# square root and sign

My question is very very basic but, for the life of me, I'm confused for whatever reason.

I know that if $$x^2 = 5$$ then +$$\sqrt{5}$$ and $$-\sqrt{5}$$ are the solutions for $$x$$.

The reason, as I understand it, is that, in a function, $$x$$ can have two values while $$y$$ can only have one. And both values, when squared equal to $$5$$.

I also know that $$\sqrt{4} = 2$$ and $$2$$ only. The reason is we deal now with a square root function which only leads to positive values on the $$y$$ axis, otherwise, it wouldn't be a function as $$y$$ would have two values as in $$\sqrt{x} = +y$$ and $$-y$$, which isn't possible.

Now what about this then?

$$y= \sqrt{x^2}$$ ?

If I consider, for the sake of the example, that $$x^2 = 4$$ then we've already said that $$\sqrt{4}$$ only equals $$2$$, not $$-2$$. So the answer should be $$x$$ only, not both $$x$$ and $$-x$$. This makes sense somehow otherwise I would get two values for $$y$$ which is forbidden when it comes to functions.

So this leans towards the fact that $$y= \sqrt{x^2}$$ is definitely equal to $$x$$.

But then I see this on a youtube course:

And this totally lost me, even though it's trivial.

I don't know why that second line is using the absolute value (probably to emphasize that it remains a positive $$x$$ which is consistent with what I concluded here above) but then the last line considers $$-x$$ as an eligible value this time and the part is beyond me. I know I'm overthinking it but I lost confidence with square roots right now. I need to get back to the basics.

Thanks for your patience and input.

• When we take square roots, we really mean the so-called principal square root, when the result is positive. In general, $\sqrt{x} = |x|.$ May 8, 2020 at 3:47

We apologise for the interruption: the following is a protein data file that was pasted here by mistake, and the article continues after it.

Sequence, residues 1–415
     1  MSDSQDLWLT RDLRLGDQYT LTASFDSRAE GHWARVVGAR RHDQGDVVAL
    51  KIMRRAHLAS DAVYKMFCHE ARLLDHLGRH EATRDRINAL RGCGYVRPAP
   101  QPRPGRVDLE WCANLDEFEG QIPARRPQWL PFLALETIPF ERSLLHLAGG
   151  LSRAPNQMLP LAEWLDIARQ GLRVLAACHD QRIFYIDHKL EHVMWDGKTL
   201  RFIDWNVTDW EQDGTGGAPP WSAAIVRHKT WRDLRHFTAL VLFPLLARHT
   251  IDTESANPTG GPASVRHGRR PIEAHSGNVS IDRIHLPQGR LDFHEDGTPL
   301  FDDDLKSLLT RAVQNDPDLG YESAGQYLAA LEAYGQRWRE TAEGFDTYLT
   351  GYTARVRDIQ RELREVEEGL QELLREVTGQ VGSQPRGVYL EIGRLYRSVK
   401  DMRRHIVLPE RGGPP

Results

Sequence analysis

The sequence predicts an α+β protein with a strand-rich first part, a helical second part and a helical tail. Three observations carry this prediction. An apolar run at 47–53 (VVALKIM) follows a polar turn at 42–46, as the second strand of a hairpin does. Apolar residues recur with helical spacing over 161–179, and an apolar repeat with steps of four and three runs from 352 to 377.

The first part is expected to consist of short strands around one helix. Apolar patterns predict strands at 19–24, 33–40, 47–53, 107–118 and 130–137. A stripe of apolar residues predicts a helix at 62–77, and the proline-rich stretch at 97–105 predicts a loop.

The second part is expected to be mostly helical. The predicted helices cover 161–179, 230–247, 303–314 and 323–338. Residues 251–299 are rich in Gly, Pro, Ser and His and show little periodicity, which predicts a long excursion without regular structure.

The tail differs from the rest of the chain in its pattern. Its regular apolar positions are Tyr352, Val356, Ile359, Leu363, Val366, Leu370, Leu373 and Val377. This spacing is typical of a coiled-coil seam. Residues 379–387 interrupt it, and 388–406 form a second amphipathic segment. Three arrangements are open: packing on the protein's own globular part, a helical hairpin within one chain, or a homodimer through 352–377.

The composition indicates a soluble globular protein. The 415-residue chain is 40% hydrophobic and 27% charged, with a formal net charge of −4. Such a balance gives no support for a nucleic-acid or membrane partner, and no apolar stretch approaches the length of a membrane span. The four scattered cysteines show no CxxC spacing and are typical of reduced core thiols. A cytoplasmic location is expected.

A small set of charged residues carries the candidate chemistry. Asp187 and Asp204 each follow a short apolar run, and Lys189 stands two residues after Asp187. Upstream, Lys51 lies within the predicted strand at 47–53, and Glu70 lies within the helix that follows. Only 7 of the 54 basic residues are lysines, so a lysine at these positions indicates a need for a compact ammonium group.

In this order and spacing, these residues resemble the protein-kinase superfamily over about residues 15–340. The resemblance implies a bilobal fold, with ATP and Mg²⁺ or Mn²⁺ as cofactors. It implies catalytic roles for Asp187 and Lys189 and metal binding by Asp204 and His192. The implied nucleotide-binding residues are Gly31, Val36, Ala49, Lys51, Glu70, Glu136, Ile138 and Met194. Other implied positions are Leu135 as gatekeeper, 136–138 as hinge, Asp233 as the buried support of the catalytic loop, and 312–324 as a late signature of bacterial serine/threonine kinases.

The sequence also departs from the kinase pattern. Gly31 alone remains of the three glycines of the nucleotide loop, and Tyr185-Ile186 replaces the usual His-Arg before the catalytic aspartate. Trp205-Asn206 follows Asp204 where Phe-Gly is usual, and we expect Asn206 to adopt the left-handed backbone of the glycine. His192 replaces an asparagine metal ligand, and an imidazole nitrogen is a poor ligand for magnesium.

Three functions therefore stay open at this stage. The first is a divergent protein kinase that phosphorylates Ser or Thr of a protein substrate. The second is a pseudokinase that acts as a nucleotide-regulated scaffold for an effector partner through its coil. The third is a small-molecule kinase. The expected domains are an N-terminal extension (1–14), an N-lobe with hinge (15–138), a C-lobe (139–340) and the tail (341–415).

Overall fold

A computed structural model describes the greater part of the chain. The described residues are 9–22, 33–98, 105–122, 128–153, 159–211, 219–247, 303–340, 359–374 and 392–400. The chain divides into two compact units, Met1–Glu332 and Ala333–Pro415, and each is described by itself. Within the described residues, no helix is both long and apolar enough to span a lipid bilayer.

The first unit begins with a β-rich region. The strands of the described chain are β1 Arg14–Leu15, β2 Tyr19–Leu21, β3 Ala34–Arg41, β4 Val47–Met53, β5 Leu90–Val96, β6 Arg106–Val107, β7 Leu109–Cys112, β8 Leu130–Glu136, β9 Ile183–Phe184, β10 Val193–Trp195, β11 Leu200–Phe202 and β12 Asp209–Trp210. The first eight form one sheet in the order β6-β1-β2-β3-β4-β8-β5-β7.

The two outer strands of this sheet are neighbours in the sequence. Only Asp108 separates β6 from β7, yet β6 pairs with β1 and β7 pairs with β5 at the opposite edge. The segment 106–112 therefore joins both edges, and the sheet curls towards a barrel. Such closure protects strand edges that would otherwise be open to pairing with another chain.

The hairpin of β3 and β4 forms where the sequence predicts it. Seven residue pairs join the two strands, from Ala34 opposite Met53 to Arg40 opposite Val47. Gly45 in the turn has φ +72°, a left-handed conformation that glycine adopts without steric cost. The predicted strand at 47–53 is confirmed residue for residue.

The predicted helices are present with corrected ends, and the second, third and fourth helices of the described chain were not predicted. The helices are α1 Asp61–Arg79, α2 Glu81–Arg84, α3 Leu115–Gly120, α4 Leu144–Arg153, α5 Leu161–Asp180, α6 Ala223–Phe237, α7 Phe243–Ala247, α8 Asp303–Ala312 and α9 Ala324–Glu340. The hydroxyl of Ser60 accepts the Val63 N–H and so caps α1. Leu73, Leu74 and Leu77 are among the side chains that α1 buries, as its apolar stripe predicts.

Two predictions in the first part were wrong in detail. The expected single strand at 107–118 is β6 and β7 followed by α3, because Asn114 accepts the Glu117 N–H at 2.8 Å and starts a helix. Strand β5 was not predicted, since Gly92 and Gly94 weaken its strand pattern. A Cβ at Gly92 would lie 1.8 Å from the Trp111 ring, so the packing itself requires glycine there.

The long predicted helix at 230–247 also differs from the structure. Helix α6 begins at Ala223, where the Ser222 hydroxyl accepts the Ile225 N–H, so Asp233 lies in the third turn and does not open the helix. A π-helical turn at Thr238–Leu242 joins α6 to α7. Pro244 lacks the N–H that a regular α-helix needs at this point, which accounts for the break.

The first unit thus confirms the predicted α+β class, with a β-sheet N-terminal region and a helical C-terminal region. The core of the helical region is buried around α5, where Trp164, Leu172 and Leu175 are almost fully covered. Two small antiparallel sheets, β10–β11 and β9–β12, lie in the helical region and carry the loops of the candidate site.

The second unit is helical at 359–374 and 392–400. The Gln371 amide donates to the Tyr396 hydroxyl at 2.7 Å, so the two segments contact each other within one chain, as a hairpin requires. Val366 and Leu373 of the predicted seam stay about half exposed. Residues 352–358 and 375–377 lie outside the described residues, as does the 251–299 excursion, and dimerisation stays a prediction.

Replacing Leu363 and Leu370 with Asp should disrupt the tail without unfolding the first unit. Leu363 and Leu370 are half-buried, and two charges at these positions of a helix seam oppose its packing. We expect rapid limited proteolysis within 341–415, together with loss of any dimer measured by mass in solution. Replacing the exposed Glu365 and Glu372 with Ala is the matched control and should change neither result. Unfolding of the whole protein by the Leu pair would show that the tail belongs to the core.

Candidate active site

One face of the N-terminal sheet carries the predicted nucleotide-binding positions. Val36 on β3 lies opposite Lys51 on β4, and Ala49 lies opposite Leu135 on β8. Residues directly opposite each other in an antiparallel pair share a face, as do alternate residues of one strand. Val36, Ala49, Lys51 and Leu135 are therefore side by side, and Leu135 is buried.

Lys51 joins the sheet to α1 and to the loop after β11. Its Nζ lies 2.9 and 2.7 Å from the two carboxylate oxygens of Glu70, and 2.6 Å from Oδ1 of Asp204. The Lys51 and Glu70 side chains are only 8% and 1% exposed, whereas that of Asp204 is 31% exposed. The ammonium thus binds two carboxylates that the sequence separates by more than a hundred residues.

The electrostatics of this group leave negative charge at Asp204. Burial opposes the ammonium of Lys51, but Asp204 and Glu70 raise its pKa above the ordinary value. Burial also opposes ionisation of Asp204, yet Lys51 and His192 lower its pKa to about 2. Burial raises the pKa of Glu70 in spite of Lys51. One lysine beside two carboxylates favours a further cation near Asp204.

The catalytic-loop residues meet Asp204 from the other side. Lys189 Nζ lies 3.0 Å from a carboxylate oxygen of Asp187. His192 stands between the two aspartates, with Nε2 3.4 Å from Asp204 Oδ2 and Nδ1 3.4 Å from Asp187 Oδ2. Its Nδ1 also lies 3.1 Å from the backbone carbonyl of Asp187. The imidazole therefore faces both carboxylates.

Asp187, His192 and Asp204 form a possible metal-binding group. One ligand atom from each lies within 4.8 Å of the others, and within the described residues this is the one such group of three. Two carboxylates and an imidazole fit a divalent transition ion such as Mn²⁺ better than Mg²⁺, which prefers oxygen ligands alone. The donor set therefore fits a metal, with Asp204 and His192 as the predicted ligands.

• Ok thank you very much but then, how come it turns out as a -x on the third line of this limit, all of a sudden ? May 8, 2020 at 3:55
• Because $x\to-\infty$ says that we're looking at negative numbers $x$. May 8, 2020 at 4:10

## 1 Answer

We say $$\sqrt{x}$$ refers to the principal root of $$x$$, which in the case of the positive real numbers refers to the root of $$x$$ that is greater than zero. So, $$\sqrt{x^2}$$ is the principal root of $$x^2$$. Now as you know, the square roots of $$x^2$$ are $$x$$ and $$-x$$, but only one of those is positive! Since the principal square root only cares about the positive root, it is the same as the absolute value in this instance.

• Ok thank you very much but then, how come it turns out as a -x on the third line of this limit, all of a sudden ? May 8, 2020 at 3:54
• @BachirMessaouri I guess what's happening here is that $|x|=-x$. Remember this happens whenever $x \le 0$. Since the limit is approaching negative infinity, $x \le 0$. May 8, 2020 at 3:55
• That's the part that is confusing me a lot. For 2 reasons. first because this means the square root of x^2 could lead to -x because it is an option eventually (proof on the third line), even though the scare root should prevent that. And second, I suspected it's because the limit leans towards - infinity but it should mean the value of x is negative not that the sign of the variable x is negative. Of course you are right, no question about it, I just fail to understand the logic. May 8, 2020 at 4:00
• Ok, got it after a few minutes of thinking ;-) Thank you. May 8, 2020 at 4:14